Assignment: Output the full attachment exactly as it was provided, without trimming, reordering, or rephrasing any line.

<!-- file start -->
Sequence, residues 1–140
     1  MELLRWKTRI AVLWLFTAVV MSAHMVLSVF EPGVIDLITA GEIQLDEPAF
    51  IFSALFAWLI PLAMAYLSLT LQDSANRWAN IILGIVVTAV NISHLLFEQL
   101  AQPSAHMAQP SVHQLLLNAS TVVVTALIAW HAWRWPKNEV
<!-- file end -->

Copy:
Sequence, residues 1–140
     1  MELLRWKTRI AVLWLFTAVV MSAHMVLSVF EPGVIDLITA GEIQLDEPAF
    51  IFSALFAWLI PLAMAYLSLT LQDSANRWAN IILGIVVTAV NISHLLFEQL
   101  AQPSAHMAQP SVHQLLLNAS TVVVTALIAW HAWRWPKNEV